Tag: Celtics robbed

Boston Celtics forward Paul Pierce high-fives recently acquired teammate center Nenad Krstic in Boston

Heat deny report Celtics bus burglarized during season

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Earlier today we passed along a Yahoo report — from an anonymous source — that during a late regular season game when Boston was in Miami that the team bus had been burglarized and “a lot” of money and more had been stolen.

The Heat are denying that report.

And they have details. Here is what the team said, passed along from our man Ira Winderman at the Sun Sentinel.

“After our last regular season home game vs. Boston, a Celtics player [Nenad Krstic] made a claim while boarding the team plane following our game that $1,200 was taken from his personal bag that was left on one of the team buses. Additionally, Lawrence Frank also claimed his bag was stolen while they were still here at AA Arena that night, but he found it before they left for the airport.”

“‘We were notified later that night by our NBA team security contact, Tom Fassenella, about the player’s claim and were told the NBA was investigating it. There was an attempt by the NBA to interview the player in Washington the following day but the player was not made available to them.”

“Additionally, NBA security requested Miami Police take a police report, but the player refused. Subsequently, AmericanAirlines Arena Director of Security Bob Hundevadt and Tom reviewed surveillance video of the bus parking area, which was continuously on the night of the game and they observed no unauthorized personnel boarding the bus. The only people on the bus were TSA, and the NBA determined they were not involved.”

Contacted Wednesday night, a Celtics spokesman said the Heat depiction of the events, “as far as I know is accurate.”

To answer your question about why airport TSA was on the bus, when teams have back-to-backs or rapid flights out of an airport after a game (charter flights) it is pretty common for TSA to pre-check bags and the like so long as the bus is secured.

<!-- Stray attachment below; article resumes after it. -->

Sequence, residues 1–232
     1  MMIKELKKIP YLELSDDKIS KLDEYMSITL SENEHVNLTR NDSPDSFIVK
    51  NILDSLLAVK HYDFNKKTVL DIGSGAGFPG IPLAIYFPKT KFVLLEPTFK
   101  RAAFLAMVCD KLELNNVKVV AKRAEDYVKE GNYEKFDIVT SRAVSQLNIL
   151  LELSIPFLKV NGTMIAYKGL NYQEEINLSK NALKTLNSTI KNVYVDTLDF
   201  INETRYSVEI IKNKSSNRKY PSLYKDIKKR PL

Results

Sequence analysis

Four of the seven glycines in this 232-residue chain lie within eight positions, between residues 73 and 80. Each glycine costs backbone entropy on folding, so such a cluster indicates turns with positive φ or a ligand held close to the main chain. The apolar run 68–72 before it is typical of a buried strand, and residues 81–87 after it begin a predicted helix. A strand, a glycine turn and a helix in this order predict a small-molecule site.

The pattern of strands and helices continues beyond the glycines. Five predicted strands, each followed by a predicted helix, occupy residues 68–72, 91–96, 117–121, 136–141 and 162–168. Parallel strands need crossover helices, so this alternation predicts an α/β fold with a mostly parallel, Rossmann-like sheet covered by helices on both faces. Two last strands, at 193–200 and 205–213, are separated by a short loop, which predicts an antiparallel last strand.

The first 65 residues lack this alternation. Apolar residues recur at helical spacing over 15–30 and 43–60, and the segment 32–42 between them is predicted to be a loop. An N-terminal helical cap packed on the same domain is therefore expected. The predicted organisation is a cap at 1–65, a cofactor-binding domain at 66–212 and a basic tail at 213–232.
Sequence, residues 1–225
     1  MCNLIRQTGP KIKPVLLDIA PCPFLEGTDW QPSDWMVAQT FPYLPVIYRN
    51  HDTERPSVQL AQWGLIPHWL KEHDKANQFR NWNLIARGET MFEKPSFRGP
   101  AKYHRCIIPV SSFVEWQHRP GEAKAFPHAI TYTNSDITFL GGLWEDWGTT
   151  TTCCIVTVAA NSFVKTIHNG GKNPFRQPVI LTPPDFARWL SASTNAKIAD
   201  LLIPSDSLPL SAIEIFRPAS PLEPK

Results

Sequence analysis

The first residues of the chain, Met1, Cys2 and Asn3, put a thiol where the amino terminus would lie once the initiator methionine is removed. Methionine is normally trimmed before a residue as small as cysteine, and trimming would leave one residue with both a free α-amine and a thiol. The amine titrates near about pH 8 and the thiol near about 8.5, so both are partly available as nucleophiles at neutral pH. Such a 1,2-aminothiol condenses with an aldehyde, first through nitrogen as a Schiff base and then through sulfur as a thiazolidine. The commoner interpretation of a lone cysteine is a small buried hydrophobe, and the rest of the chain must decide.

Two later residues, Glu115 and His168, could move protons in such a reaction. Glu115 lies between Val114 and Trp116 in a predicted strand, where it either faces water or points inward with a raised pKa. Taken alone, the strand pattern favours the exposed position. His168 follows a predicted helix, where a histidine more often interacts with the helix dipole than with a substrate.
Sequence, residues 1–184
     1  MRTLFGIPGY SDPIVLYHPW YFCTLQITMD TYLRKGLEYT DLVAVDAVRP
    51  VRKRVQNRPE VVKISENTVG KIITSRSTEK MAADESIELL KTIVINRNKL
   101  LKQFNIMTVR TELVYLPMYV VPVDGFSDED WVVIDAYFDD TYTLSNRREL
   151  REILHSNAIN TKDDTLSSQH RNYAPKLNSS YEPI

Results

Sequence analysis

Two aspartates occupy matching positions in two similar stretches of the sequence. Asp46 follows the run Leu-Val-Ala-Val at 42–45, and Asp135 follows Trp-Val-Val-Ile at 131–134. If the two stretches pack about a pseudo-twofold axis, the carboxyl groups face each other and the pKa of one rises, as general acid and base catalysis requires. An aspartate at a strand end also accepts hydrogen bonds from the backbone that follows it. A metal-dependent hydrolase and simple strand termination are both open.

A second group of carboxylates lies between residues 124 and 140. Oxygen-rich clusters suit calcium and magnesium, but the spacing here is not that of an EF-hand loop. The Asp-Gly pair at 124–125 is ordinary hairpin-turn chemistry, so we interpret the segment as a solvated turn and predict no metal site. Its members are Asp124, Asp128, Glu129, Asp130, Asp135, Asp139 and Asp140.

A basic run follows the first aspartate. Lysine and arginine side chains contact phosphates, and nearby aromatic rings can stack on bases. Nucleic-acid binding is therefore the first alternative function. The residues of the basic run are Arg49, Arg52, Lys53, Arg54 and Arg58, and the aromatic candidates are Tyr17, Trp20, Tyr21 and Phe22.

After that, we’ll let you decide the truth.

This is in the past. Right now the Celtics should be a lot more worried about what is happening on the court.

Celtics were burglarized in Miami during regular season

Miami Heat's Anthony and Bosh block Boston Celtics' Davis during their NBA Eastern Conference basketball playoff series in Miami

It hasn’t been just the last couple of games where Miami’s American Airlines Arena has been a house of horrors for Boston.

Turns out the regular season sucked for them there, too. As evidence we present this tidbit from Adrian Wojnarowski of Yahoo.

When the Boston Celtics climbed on the team bus in the bowels of American Airlines Arena late in the regular season, the mood had been thick with anger and disgust over finally losing to the Miami Heat. Only now, several sources said, the Celtics discovered a deeper, knifing violation: Someone had snuck onto the bus and stolen cash and belongings from the coaches’ and players’ bags.

“It was pretty bad,” a source told Yahoo! Sports. “A lot of stuff, a lot of money.”

Now the Celtics are being robbed of their identity when they go to Miami — the Heat have been the tougher, better defensive team in this series so far.

The defensive part is interesting because the conventional wisdom is you need a shot-blocking big man in the middle to be a good defensive team, but the Heat’s best defensive lineup has a 6’9” center in the middle. The prolific and wise Tom Haberstroh delves into that defensive identity at ESPN’s The Heat Index.

The Heat pride themselves on basket protection, but they’re defending it with the weapon of quickness, not height. Of the team’s nine blocks, the most memorable one came with less than a minute left and the Celtics down nine points. Kevin Garnett set a pindown screen for Ray Allen, forcing Anthony to jump out and help close off the shooter. Once Garnett saw Anthony cover Allen on the wing, he cut to the rim for a wide-open finish — except it was only wide open for a moment.

LeBron sprinted from the weakside and met the 6-foot-11 Garnett at the rim in a flash. Garnett tried to muscle a layup past LeBron, but the two-time MVP rose up and swatted Garnett’s layup to the foul line.

Quickness, not height.

It’s a different script. But one that is working. Well. And robbing the Celtics on the court (and fortunately not off it).